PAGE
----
Could there have been a more unfortunate representation of Australia’s climate ambitions than our own Prime Minister wielding a lump of coal in parliament, beseeching the public to have no fear? Four years later the same Prime Minister travelled to Glasgow for COP 26 and committed us to net zero emissions by 2050.
That parliamentary pantomime never did represent the reality in the Australian energy markets. Advancements in energy efficiency, technologies, storage, and engineering, combined with highly supportive state-led policy frameworks and sound project economics are driving the transition from fossil fuels at great pace in Australia.
The opportunity for private capital to invest in renewable energy is more attractive now than ever before. New solar and wind projects are already undercutting the cheapest of existing coal-fired power plants1, and consequently Australia stands out as a world-leading renewables market, with a bright future as the cost of renewables technologies continue to decline.
Today, India and Australia are the only markets in Asia Pacific where the levelised cost of electricity for renewables is cheaper than newbuild coal, according to Wood Mackenzie, which predicts that renewables power in Australia will be 47% cheaper than new-build coal by 20302. The cost advantage will add further impetus to Australia’s energy transition.
Calculated levelized cost of energy by technology and category for 2030
Source: CSIRO Australia’s national science agency, “GenCost 2020-21” Final Report
Despite Australia’s abundant coal reserves, the repeal of an early carbon price mechanism3 and the lack of a feed-in-tariff program4 to accelerate renewable energy investments, there has not been a single coal fired power station commissioned in the National Electricity Market (NEM) in 14 years. Personally, I doubt there will be another absent direct government intervention. In March 2021, Australia’s third largest power retailer announced that it would shut its ageing 1,450 megawatt (MW) Yallourn power station four years early5. Other early coal closures such as Liddell (2,000 MW) in 2023 are demonstrable proof that thermal generation can no longer compete with renewables.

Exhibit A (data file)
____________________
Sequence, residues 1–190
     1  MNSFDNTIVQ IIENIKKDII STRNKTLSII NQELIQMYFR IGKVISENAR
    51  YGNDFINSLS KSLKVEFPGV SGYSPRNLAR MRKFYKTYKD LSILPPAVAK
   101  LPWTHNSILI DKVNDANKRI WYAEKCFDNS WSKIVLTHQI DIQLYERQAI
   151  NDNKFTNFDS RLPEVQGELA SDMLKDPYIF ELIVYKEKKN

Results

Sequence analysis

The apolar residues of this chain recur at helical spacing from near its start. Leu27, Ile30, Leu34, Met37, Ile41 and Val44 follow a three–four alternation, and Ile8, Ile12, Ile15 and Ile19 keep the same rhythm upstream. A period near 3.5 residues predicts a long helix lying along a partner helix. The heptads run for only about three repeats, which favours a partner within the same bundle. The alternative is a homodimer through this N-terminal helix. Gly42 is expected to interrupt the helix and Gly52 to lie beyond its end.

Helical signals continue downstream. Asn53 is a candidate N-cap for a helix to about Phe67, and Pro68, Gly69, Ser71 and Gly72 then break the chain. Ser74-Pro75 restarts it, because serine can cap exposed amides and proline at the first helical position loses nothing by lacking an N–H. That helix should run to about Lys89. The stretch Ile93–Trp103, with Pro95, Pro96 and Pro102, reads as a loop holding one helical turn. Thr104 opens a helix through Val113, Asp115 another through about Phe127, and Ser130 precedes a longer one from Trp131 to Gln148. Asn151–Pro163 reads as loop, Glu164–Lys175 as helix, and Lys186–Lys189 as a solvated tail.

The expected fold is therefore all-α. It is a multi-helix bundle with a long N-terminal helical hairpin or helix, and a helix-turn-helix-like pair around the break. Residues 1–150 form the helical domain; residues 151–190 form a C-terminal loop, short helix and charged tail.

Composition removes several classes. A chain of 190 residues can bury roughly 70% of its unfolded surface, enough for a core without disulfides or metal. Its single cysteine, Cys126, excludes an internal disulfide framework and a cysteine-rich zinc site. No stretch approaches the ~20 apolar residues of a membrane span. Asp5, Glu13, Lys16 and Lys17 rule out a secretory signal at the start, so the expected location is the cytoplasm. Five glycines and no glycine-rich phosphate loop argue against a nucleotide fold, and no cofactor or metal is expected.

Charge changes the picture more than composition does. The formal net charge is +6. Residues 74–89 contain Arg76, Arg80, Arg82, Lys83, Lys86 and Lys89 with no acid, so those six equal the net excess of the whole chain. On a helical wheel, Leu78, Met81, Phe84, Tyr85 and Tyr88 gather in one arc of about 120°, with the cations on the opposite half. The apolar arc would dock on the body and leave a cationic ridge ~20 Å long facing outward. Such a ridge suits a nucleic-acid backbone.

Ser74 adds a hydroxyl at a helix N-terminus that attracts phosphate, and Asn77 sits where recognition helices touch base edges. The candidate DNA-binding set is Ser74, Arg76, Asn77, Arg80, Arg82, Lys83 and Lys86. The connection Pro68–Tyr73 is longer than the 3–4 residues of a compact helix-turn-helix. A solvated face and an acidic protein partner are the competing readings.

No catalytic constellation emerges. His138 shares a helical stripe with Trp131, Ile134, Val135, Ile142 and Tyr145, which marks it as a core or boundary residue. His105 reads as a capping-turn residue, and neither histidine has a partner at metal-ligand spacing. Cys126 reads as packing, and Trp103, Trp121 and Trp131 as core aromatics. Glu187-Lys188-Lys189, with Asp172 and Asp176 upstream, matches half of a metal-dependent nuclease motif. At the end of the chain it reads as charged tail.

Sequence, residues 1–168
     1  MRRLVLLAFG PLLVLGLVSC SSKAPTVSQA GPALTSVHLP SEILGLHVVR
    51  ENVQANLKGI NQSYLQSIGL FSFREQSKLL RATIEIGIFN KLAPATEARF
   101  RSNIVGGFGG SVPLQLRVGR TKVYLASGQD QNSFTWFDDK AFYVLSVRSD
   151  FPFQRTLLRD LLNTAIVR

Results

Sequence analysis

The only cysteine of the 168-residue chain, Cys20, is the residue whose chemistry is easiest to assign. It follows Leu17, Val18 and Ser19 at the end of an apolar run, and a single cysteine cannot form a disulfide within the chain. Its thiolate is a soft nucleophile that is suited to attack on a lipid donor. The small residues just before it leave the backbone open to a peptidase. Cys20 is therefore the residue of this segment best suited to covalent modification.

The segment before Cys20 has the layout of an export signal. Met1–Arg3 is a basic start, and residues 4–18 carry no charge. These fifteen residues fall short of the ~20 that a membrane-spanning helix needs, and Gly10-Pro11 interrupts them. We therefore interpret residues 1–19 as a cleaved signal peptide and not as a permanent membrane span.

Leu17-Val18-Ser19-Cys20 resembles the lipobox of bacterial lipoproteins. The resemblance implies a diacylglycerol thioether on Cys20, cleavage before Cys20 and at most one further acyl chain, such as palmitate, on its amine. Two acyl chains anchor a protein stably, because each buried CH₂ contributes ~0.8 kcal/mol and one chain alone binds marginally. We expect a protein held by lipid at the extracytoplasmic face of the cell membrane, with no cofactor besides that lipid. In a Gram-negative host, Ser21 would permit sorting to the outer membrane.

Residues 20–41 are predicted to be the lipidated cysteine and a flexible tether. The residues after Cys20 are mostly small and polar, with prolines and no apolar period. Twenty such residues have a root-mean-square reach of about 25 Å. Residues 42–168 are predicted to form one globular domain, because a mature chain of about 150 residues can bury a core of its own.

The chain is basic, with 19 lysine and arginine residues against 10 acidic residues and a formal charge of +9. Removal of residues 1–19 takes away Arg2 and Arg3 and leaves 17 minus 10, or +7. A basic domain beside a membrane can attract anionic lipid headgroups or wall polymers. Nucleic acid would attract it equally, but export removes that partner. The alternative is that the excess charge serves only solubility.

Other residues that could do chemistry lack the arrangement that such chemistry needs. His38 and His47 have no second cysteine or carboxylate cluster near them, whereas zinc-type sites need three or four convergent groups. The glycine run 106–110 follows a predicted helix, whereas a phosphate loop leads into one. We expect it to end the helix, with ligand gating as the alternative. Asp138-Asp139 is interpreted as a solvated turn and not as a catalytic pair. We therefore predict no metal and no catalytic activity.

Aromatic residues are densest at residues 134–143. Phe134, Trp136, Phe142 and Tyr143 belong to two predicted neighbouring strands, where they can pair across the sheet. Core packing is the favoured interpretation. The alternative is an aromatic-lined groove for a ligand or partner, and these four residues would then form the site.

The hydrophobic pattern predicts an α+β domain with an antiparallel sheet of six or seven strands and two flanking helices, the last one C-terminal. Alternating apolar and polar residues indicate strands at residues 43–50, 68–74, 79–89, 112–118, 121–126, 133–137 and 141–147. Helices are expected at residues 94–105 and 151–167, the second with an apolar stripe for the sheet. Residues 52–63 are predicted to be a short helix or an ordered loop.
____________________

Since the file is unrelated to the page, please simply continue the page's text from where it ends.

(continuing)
Australian Energy Security Board Chair Dr Kerry Schott has predicted coal-fired power will disappear completely from the NEM by the mid-2030s if not earlier – cutting short the rated life of some generators by more than a decade; “Coal is inexorably leaving the system and I personally think it’s going to leave much faster than people initially thought. It really is struggling to make money,” 6
Staying Ahead of Coal Retirements
The stated core objective of the Federal Government’s energy policy is to lower energy prices in Australia. The only feasible way of achieving this is to increase renewable penetration. Yet, the NEM remains reliant upon coal-fired power stations. The coal fleet is old, unreliable, and expensive. Therein lies the problem and the opportunity: 15 gigawatts (GW) of coal fleet is approaching the end of its life and must be replaced by 2040. This will happen much sooner, as the coal fleet is losing money due to low-cost renewable energy entering the market.
The Australian Energy Market Operator (AEMO) estimates that 60 GW of renewable energy capacity7 will need to be built in the next 19 years to replace the coal fleet. That will require more than A$150 bn in capital expenditure on generation alone. Major upgrades to grid and distribution infrastructure, and introduction of energy storage systems will increase this requirement substantially. We have learned that we need to be in front of retirements. Australia’s first major coal plant closure, that of the Hazelwood power station in 2017, has already alerted us to the disruptive consequences of sudden and unplanned coal exits; namely, spikes in electricity prices and higher risks of blackouts during periods of extreme demand.